- At initialization time, the decision engine creates a search space consisting of all possible score nodes, which covers all the possible adaptation decisions that the decision engine can make.
Decision logic and score node selection.
- A user's score nodes capture all the possible combinations of preference values in various quality domains.
- The decision logic aims to find the best scoring node corresponding to a version of the content that is renderable given those parameters.
- This is a negotiation process between the data structure containing the user's preference information and a decision engine's decision function .
- In some cases, however, identifying a metric with the ordered-relation property is difficult.
- The obvious choice of data structure for score nodes is a linked list where the elements are in descending order of scores.
- To determine the optimal version of content with the highest score, the score linked list negotiation algorithm applies the simple search where decision yields either True or False at a particular node.
- The resultant score node is optimal in that it has the highest score among all that are feasible to render in the present context.
- The SLL algorithm is easy to implement and requires little housekeeping.
- The next two negotiation algorithms use a balanced binary tree (for example, a redblack tree) to reduce the worst-case search complexity to O(lg n) or O(tree height).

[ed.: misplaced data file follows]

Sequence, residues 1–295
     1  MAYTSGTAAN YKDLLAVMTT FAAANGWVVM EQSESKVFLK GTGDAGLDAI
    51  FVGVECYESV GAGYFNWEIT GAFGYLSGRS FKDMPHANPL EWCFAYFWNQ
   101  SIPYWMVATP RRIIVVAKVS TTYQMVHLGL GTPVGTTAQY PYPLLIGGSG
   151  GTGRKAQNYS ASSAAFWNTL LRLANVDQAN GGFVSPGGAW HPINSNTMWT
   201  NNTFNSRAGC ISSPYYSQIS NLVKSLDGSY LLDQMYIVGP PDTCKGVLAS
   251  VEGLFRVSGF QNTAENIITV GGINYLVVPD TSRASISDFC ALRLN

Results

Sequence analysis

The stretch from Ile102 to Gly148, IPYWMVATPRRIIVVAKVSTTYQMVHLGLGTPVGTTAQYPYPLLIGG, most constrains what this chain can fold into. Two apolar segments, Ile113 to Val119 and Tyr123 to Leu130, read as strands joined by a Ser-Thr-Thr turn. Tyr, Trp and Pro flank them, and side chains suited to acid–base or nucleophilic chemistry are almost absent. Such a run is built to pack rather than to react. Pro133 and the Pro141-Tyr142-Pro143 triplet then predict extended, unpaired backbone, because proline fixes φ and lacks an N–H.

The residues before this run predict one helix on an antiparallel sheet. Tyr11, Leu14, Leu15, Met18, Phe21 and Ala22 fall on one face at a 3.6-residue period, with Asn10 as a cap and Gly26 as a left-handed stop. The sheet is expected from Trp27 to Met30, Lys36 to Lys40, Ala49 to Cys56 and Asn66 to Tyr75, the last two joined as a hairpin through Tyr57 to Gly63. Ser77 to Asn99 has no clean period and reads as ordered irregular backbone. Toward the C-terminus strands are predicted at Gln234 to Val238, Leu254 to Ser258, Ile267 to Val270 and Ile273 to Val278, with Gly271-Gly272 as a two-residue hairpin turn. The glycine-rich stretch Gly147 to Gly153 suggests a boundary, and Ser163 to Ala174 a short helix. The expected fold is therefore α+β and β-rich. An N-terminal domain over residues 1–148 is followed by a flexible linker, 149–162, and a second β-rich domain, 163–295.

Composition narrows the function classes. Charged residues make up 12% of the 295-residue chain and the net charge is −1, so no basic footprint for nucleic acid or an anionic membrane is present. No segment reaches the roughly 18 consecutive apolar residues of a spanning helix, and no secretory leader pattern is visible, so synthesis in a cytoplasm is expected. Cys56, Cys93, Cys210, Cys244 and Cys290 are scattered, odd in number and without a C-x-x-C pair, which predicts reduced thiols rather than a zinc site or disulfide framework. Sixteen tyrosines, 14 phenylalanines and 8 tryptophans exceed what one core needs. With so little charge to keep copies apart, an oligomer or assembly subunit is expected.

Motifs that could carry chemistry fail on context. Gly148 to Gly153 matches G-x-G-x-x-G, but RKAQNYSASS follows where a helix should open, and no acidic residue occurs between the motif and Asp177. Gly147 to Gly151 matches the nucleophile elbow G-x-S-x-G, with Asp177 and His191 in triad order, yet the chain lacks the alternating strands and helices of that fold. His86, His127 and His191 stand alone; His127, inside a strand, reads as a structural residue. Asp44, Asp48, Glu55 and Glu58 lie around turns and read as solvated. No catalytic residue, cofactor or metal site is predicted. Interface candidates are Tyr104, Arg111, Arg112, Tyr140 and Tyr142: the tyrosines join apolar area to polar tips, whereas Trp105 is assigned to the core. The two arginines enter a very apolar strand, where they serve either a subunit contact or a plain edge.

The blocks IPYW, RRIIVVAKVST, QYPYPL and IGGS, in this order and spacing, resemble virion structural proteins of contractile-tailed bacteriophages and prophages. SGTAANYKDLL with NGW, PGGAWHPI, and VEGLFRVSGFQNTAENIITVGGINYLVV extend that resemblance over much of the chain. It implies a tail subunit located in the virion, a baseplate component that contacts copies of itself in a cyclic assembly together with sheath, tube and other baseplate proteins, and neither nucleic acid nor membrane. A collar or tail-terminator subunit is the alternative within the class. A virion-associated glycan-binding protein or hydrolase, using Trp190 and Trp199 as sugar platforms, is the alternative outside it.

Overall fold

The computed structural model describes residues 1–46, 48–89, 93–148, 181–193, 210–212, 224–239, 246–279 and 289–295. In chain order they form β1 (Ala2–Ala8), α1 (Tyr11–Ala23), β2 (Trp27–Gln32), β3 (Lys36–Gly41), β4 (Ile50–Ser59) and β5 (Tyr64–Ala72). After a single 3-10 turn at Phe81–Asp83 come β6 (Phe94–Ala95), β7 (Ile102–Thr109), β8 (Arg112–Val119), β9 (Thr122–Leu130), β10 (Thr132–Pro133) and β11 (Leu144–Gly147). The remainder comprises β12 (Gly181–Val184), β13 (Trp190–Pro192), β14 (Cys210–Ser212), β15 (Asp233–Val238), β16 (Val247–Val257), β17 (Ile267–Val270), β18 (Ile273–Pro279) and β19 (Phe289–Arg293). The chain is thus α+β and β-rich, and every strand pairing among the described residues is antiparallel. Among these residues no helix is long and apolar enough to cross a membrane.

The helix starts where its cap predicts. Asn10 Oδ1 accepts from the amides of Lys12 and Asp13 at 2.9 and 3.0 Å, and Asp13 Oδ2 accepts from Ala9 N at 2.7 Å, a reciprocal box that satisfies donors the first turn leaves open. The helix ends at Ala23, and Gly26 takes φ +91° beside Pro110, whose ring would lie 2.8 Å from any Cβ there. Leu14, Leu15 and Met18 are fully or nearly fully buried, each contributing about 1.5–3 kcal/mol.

- The score tree's main advantage over the score list is reduced real-time processing overhead.
- Deploying the adaptation service involves frequent accesses of the data structure, so the fewer score nodes the decision engine must traverse, the better its performance.
- Fortunately, in adaptation applications, once the tree is initialized, it seldom requires modification.
- The initialization might incur some overhead, but this should not be too significant because initialization occurs only once.
- The ordered-relation score tree negotiation algorithm works when the authors can identify an ordered-relation property for the decision logic.
- It works similarly to the classic binary tree search but with the decision function dictating tree traversal.
- During preprocessing, this algorithm marks each subtree with a value indicating the minimum resource that a node in that subtree requires.
- The decision function can decide whether to visit a subtree by comparing this value with the client device's acceptable resource level.
- This can lead to savings from not having to visit all the nodes.
- When determining whether a metric has the ordered-relation property is difficult or impossible, the authors cannot model the decision logic with a comparison relation.
- Using the linked-list data structure and the linked-list traversal in this case would guarantee the best score for the adaptation, but the traversal overhead would be O(n).
- To achieve better efficiency, the authors allow a trade-off between the traversal overhead and the optimization's accuracy.